Midvale Historical Society to celebrate 40 years with treasure hunting
Jun 02, 2017 11:14AM
● Published by Ruth Hendricks
Bill Miller, president of the Midvale Historical Society, displays an old telephone switchboard. (Ruth Hendricks/City Journals)
By Ruth Hendricks | Ruth.H@mycityjournals.com
The Midvale Historical Society was founded on June 15, 1977. The society will be celebrating its 40th anniversary on Saturday, June 17 from noon to 4 p.m., which will include a chance to hunt for treasure in the museum’s backyard.
“For our anniversary party, we’re going to have the Utah Treasures Association come,” said Bill Miller, president of the society. “They’re a club of treasure hunters, and I’m talking about maybe stamp collecting, postcards, marbles, bottles and metal detecting of course is their big thing.”
Treasures will be planted in the back, where there is some bare ground. Members of the Utah Treasures Association will be there with their metal detectors and people can look for treasure. “What you find, you keep,” said Miller. “Now, I have no idea what you’re going to find, but I’m sure there will be some new coinage and some old stuff too.”
The goals of the Midvale Historical Society are to publish Midvale history and to support a museum in the city. Miller explained that 40 years ago the Daughters of Utah Pioneers (DUP) approached the cities to see if they wanted to take some of their artifacts and create their own museums since the DUP had so much stuff they didn’t know what to do with it.
“Boyd Twiggs was the mayor at that time,” said Miller, “and in order to raise funds for the museum, the city donated a spot in the city hall, and they would charge a family $500 for a display case.”
The museum’s current location at 7697 South on historic Main Street in Midvale is owned by the city, which also takes care of the lighting and some maintenance costs. Other than that, the museum is run by volunteers and features donated items.
“People ask what kind of museum is it, and I call it a family history museum, simply for the fact that the majority of the items are from the residents of Midvale,” said Miller.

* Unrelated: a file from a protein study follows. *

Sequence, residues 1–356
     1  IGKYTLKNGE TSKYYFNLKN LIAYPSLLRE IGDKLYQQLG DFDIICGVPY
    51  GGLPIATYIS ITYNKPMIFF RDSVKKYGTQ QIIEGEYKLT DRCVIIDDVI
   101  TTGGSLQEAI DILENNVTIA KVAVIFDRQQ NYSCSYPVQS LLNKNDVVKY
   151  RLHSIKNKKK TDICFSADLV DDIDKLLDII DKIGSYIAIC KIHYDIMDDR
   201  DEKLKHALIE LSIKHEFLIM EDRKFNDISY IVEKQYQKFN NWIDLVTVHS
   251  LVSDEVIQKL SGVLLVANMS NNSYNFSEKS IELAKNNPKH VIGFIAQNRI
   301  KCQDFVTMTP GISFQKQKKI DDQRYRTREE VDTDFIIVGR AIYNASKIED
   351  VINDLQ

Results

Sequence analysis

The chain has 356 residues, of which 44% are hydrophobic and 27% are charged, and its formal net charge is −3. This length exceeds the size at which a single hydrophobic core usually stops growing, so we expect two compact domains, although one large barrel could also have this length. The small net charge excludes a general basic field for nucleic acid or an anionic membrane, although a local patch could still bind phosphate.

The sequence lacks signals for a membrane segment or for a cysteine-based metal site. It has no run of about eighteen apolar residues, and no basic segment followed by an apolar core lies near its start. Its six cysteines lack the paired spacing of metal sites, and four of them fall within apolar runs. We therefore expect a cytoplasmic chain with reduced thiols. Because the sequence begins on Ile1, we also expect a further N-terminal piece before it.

“It’s a fun place. I want people to feel like they are part of the history. I want the people of Midvale to know that this is their museum.”
Miller likes that many things in the museum can be touched, and thinks that probably the most important item in the museum is an old typewriter. He said that kids who have never used a typewriter gravitate to it and enjoy trying it out.
“I just want you to feel comfortable and to keep coming back,” said Miller. “I have been here 12 or 13 years, and I swear, every time I walk up and down these aisles, I see something new.”
The museum has many historic photographs, including most of the old schools in the Jordan School District. “Whenever a school closes, we go in there and try to get a souvenir or two,” said Miller. The museum acquired an old piano from an elementary school that closed, and Miller let an 8-year-old boy play it recently.
Another important feature of the museum is that they have copies of the City Journal going back to 1925. Issues from 1925 to 1950 are being digitized now. “We have enough money to do that many and we have to come up with a solution to getting the rest of that money,” said Miller.
There is one mystery that Miller would like to solve. The museum has a collection of school yearbooks. One of those donated yearbooks was sent from Liberal, Kansas, and had some paperwork with it, including a check for $45. Miller said he’s Googled the address, but it just shows up as an open field. And he’s run the names, too.
“I’d like to return that check to the owner, which is probably the daughter of the person from Kansas,” he said.
Andy Pazell, a member of the society’s board, said, “I grew up in Midvale and I’ve always been nostalgic about how it was here. It was such a small town, a close-knit community. It was a great place to grow up. There was so much to do, we had stores and bowling alleys and a drive-in movie theater.”
“It’s always been a very sports-minded town,” said Miller. “You go back 100 years ago and we always had a sports league of some type.”
“It was a smelter town, and they always had baseball teams and a league,” said Pazell.
The biggest need for the historical society is to find more people to help. “We’re getting old, so we need to find new blood,” said Miller. “I don’t know what’s going to happen in the next five years unless we get some help.”
“We have a future here,” said Miller. “The city is absolutely fantastic, they support us 110 percent,” Pazell said. “I think our big thing is we really need to find the next generation of people interested in preserving the history.”